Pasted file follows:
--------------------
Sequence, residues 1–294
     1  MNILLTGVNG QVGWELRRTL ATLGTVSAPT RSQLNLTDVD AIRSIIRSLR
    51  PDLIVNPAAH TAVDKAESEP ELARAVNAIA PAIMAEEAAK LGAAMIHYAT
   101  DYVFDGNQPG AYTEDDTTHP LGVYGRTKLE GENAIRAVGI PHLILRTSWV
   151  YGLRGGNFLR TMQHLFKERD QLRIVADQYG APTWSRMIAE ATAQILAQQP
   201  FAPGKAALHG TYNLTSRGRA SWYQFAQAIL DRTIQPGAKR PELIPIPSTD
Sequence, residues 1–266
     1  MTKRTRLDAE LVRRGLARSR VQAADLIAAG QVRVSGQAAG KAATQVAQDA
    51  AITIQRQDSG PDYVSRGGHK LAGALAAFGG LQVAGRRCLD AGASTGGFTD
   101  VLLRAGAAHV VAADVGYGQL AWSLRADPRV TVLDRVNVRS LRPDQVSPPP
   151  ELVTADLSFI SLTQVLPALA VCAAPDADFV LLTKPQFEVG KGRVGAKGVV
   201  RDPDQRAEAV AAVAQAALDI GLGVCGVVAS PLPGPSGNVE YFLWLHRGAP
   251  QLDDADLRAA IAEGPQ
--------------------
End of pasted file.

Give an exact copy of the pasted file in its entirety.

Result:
Sequence, residues 1–294
     1  MNILLTGVNG QVGWELRRTL ATLGTVSAPT RSQLNLTDVD AIRSIIRSLR
    51  PDLIVNPAAH TAVDKAESEP ELARAVNAIA PAIMAEEAAK LGAAMIHYAT
   101  DYVFDGNQPG AYTEDDTTHP LGVYGRTKLE GENAIRAVGI PHLILRTSWV
   151  YGLRGGNFLR TMQHLFKERD QLRIVADQYG APTWSRMIAE ATAQILAQQP
   201  FAPGKAALHG TYNLTSRGRA SWYQFAQAIL DRTIQPGAKR PELIPIPSTD
Sequence, residues 1–266
     1  MTKRTRLDAE LVRRGLARSR VQAADLIAAG QVRVSGQAAG KAATQVAQDA
    51  AITIQRQDSG PDYVSRGGHK LAGALAAFGG LQVAGRRCLD AGASTGGFTD
   101  VLLRAGAAHV VAADVGYGQL AWSLRADPRV TVLDRVNVRS LRPDQVSPPP
   151  ELVTADLSFI SLTQVLPALA VCAAPDADFV LLTKPQFEVG KGRVGAKGVV
   201  RDPDQRAEAV AAVAQAALDI GLGVCGVVAS PLPGPSGNVE YFLWLHRGAP
   251  QLDDADLRAA IAEGPQ